September 2, 2013

How to Make Gum Paste Lilies (Tutorial)



Shortly after returning from China, some good friends asked me to make a wedding cake for their August wedding. I agreed to take this on, and the rest of my summer weekends were dedicated to practicing, preparing, and practicing. I'll post more about the wedding cake later (in the rush to deliver the cake I forgot my camera, so I'm waiting on the pictures from the professionals), but in the meantime I wanted to post a tutorial on something I got pretty good at over the course of making the cake - gum paste lilies. The couple had asked for yellow "lily-ish" gum paste flowers, so I decided to make bright yellow (with a hint of pink) Asiatic Lilies.



A couple people have asked if these lilies are edible. Almost all of the flower adornments I've made in the past have been edible, but alas, these really are not. Each petal has a wire in it (which is not food-safe).  Additionally, the petal dust explicitly says that it is not for consumption (although it's non-toxic). At this point, the gum paste is really just a non-toxic clay that I can use to create the flowers for the cake exactly as I envisioned them.

How to Make Gum Paste Lilies

I apologize in advance for the questionable video quality - I've never taken video with my camera before!

Simplified lily anatomy

Materials (for one lily)
gumpaste
fondant
gel food coloring (optional)
powdered sugar
7 pieces of white wire (~26 gauge, ~4" long)
small rolling pin
lily cutters (I used the ones from this Wilton kit)
lily veiner (the Wilton kit has one, but I didn't like it)
thin foam pad (also comes in any Wilton kit)
thinning tool (also comes in many Wilton kits)
curved drying rack
small paintbrushes (also comes in many Wilton kits)
petal dust (the colors I used were Buttercup and Pink)
brown gel food coloring
6 stamens
floral tape

Lots of materials.

Step 1: Mix your gumpaste and fondant.

I used a 50/50 mixture of gumpaste and fondant. I find that the gum paste gives structure while the fondant makes it easier to work with. You can just use gum paste. I also used orange and yellow food coloring to color the gum paste a bright yellow. You can do this if you wish, but you can also start with a white lily and color it with petal dust.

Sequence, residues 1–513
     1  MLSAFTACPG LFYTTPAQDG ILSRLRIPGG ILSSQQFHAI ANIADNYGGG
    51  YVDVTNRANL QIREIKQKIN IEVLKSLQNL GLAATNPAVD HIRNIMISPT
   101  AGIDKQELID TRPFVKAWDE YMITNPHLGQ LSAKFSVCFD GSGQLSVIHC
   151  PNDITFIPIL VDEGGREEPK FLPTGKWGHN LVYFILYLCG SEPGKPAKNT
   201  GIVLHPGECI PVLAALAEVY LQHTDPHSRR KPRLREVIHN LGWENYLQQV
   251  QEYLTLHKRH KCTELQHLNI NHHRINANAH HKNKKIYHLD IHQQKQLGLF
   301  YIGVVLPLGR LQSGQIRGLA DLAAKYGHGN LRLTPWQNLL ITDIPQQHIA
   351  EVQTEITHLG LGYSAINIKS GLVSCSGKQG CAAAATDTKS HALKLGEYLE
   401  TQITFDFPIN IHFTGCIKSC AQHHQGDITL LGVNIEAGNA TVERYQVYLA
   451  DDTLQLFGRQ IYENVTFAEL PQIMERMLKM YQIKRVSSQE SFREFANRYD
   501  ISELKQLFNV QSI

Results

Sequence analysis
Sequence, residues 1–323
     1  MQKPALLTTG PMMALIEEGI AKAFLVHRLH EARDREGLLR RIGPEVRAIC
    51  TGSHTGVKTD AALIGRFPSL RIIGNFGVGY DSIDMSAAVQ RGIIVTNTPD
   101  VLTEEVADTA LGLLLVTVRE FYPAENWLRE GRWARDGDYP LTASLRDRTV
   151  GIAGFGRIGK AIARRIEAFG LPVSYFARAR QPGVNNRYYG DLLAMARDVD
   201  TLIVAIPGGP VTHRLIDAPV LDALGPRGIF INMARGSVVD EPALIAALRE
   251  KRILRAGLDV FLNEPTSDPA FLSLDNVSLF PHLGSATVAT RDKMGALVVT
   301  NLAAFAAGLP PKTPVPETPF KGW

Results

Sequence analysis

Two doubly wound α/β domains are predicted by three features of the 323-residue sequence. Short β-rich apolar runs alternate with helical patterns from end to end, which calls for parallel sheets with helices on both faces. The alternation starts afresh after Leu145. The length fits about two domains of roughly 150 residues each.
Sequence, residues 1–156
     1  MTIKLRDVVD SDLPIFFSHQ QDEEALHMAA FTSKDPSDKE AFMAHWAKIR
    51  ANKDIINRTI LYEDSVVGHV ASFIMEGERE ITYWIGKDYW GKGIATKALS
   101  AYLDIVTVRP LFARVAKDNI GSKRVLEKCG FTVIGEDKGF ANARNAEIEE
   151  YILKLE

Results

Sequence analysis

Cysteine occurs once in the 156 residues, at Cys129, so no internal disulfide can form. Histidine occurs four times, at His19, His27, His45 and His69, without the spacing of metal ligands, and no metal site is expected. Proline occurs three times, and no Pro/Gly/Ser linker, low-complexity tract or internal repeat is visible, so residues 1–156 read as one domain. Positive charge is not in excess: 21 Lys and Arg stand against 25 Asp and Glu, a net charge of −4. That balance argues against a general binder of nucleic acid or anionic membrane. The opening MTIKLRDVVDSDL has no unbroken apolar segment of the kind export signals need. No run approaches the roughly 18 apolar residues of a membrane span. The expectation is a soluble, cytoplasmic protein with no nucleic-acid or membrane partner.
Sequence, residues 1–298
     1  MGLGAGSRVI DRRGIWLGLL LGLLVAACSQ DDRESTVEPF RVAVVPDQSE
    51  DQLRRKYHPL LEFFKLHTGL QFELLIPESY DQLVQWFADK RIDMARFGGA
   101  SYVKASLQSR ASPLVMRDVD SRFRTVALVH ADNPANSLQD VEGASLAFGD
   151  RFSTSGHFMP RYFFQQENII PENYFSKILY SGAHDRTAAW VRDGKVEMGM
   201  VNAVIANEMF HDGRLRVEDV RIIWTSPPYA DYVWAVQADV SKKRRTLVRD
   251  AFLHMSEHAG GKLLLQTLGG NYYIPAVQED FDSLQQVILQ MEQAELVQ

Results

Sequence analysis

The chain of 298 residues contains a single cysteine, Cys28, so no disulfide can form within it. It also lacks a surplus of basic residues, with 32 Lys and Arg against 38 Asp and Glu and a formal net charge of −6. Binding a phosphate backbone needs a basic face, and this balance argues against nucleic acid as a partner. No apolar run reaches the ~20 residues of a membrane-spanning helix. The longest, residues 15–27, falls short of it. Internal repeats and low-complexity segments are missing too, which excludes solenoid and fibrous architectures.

Step 2: Make the pistil.

The pistil is the large thin center part of the lily. At the top is the stigma, which is a little thicker and seems to be divided into three equal parts, almost like a peace symbol. You can actually use a green wire instead of a white one for the pistil since it's a bit thicker than the petals.


Step 3: Make the petals/sepals.

For each lily, you'll need three sepals (use the thinner cutter) and three petals (use the thicker cutter). In the video below, I'm creating a petal, but the steps are the exact same for each type - just use different cutters.


Both the pistil and the petals/sepals need to dry overnight. Don't try and paint them until they're totally dry!

Step 4: Paint with petal dust.

I painted my lilies with a buttercup petal dust. It's difficult to tell in the videos, but this brightened the already-yellow lilies. Then, I painted some pink highlights in the center and up the middle of each petal and sepal. Finally, I painted the stigma with some brown gel food coloring and then painted brown dots on the petals in the same food coloring.


Step 5: Assemble!

Once the food coloring is dry, you can assemble your lily.  Start with the pistil and stamens, then do the inner petals, and finally, assemble the outer sepals.


Once you're done assembling your lily, start a pot of water boiling. Hold your lily above the boiling water for a couple seconds (I count to four) and remove. This makes the lily a little more shiny and deepens the color.

Warning!

These lilies can be made well in advance, but make sure to store them in a cool, dry place. A week before the wedding, I woke up to discover that all of my lilies had melted.  Like most houses in Seattle, my house doesn't have air conditioning, so all of the windows have been open since June. The lilies were too close to an open window and the humidity got to them, adding hours of work to an already stressful week. Don't let this happen to you!

We're melting!

1 comment:

  1. Great job with this tutorial, it looks great and is really helpful. The lilies are lovely.
    It also makes me glad cakes are not my hobby, you have a lot to contend with, even the weather.
    Beautiful job.

    ReplyDelete

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